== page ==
Rubbishing or ignoring the findings of Select Committees is a dangerous business, as it denigrates parliamentary democracy.

The Treasury Select Committee’s recent recommendation to scrap the Lifetime ISA has been met with howls of protest from those who sell the Lifetime ISA.

But the comments themselves form only a small part in a much wider review of savings, much of which is directly relevant to the WPC’s work. Sadly, the bulk of the TSC’s report has gone un-noticed, yet it represents the considered opinion of the people we have elected to do our thought leadership.

Having read the TSC report, I am much better informed on Household finances: income, saving and debt. The witnesses oral evidence, the published written evidence and the report itself will inform my thinking when responding to WPC. This is participatory Government – which allows ordinary people to have their say in the affairs of state. We should be very grateful to have such a system and should nurture it.

These inquiries matter – matter a lot – they show the way we feel and shape the way we are governed.

Back in 1997, Frank Field was asked to think the unthinkable, more than 20 years later he is finally getting to do that! Let’s help rather than hinder him and his Committee.


Addendum – response from Con Keating

con-keatingguest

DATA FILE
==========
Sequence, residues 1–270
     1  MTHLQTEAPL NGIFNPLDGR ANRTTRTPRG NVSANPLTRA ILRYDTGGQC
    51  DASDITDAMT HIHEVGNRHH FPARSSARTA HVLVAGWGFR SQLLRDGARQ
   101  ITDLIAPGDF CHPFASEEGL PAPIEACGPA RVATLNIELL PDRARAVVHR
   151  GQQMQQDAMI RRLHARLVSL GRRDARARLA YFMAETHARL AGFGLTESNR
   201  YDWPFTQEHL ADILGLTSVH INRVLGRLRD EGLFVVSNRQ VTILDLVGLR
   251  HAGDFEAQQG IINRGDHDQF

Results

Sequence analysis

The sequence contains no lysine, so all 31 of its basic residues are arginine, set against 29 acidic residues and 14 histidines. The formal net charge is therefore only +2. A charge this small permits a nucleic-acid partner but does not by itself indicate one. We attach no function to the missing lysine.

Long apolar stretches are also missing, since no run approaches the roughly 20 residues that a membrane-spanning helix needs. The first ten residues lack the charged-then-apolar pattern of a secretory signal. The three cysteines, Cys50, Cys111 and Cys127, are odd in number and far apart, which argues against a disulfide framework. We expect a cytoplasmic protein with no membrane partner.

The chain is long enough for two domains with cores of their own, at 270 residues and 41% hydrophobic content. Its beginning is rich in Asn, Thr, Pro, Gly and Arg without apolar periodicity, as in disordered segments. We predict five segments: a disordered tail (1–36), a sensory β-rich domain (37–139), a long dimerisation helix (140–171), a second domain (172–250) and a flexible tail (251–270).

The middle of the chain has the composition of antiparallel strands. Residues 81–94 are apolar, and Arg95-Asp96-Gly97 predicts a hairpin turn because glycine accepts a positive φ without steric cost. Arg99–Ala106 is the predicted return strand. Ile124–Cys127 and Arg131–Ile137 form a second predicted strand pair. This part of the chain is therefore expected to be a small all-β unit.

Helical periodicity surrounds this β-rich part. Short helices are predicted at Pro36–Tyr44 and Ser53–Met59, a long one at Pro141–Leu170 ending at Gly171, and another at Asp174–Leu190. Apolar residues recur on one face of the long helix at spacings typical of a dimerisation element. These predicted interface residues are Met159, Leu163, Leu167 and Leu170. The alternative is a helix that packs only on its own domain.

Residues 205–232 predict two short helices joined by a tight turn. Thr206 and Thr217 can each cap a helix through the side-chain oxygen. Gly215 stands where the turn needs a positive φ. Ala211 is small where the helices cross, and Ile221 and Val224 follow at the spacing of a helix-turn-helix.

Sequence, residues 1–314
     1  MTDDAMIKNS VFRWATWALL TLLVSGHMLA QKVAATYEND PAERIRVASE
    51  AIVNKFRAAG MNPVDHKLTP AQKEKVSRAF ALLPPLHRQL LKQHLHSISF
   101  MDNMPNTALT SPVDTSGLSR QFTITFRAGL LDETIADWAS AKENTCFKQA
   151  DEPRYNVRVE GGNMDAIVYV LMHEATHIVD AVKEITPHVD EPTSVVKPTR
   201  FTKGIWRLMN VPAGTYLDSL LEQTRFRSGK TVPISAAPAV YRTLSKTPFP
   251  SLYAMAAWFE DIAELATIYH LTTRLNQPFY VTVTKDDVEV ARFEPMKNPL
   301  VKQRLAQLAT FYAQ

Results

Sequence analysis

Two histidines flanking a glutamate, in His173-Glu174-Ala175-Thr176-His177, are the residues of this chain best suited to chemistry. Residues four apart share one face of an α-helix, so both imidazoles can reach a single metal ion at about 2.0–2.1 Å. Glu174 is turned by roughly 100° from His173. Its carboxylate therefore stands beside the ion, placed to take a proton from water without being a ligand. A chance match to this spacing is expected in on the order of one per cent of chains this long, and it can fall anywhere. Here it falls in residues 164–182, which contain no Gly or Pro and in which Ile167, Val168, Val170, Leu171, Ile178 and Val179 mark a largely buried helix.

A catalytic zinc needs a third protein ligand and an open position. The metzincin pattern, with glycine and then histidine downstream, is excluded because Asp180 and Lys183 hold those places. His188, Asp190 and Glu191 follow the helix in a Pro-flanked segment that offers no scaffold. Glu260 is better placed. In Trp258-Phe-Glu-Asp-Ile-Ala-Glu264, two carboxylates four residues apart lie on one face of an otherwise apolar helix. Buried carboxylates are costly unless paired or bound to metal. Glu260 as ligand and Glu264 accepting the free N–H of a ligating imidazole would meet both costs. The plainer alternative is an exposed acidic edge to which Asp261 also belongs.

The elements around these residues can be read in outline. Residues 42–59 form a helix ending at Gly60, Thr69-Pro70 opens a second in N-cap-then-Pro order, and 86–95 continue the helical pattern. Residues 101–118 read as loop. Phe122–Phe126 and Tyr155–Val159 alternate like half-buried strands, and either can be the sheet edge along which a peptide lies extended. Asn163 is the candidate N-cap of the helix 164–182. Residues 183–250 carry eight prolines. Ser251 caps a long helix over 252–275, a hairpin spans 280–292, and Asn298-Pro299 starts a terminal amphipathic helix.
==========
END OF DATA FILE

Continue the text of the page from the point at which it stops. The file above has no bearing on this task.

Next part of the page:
1. Do higher-cost providers deliver higher performance, or simply eat into clients’ savings?

Eat into savings – I have done work on samples of portfolios which show this clearly. Consistent high performers are as rare as hen’s teeth but their fees are consistent.

  1. Is the government doing enough to ensure that workplace pension savers get value for money?

Wrong question – it should be is government doing enough so that savers can see or calculate value for money

  1. What is the relative importance of empowering consumers or regulating providers?

There is a power imbalance – no individual consumer matters an iota to fund managers – the answer must lie with regulation. Industry self-regulation will not work. As an example of a good initiative going wrong – take the IDWG template, which is voluntary. The group who will revise this template are all (6 of them) from the fund management industry – the fox will have control of the hen=house

  1. How can savers be encouraged to engage with their savings?

I genuinely do not understand what is meant by this question.

  1. How important is investment transparency to savers?

Extremely. Without transparency no sensible individual planning can be undertaken. Without transparency no value for money can be observed and the processes of competition are absent.

  1. If customers are unhappy with their providers’ costs and investment performance/strategy, are there barriers to them going elsewhere?

This varies greatly by product but switching outside of a group is discouraged relative to switching within a group.

  1. Are independent governance committees effective in driving value for money?

There are good and bad IGCs. But in general, IGCs have not been driven by evaluations of value for money.

  1. Do pension customers get value for money from financial advisers?

No.

About henry tapper

Founder of the Pension PlayPen, Director of First Actuarial, partner of Stella, father of Olly . I am the Pension Plowman
This entry was posted in Big Government, Carillion, CDC, Dashboard, dc pensions, pensions and tagged , , , , , . Bookmark the permalink.

One Response to Thinking the unthinkable – Frank’s at it again!

  1. Pingback: Pension costs and transparency inquiry - Young FI Guy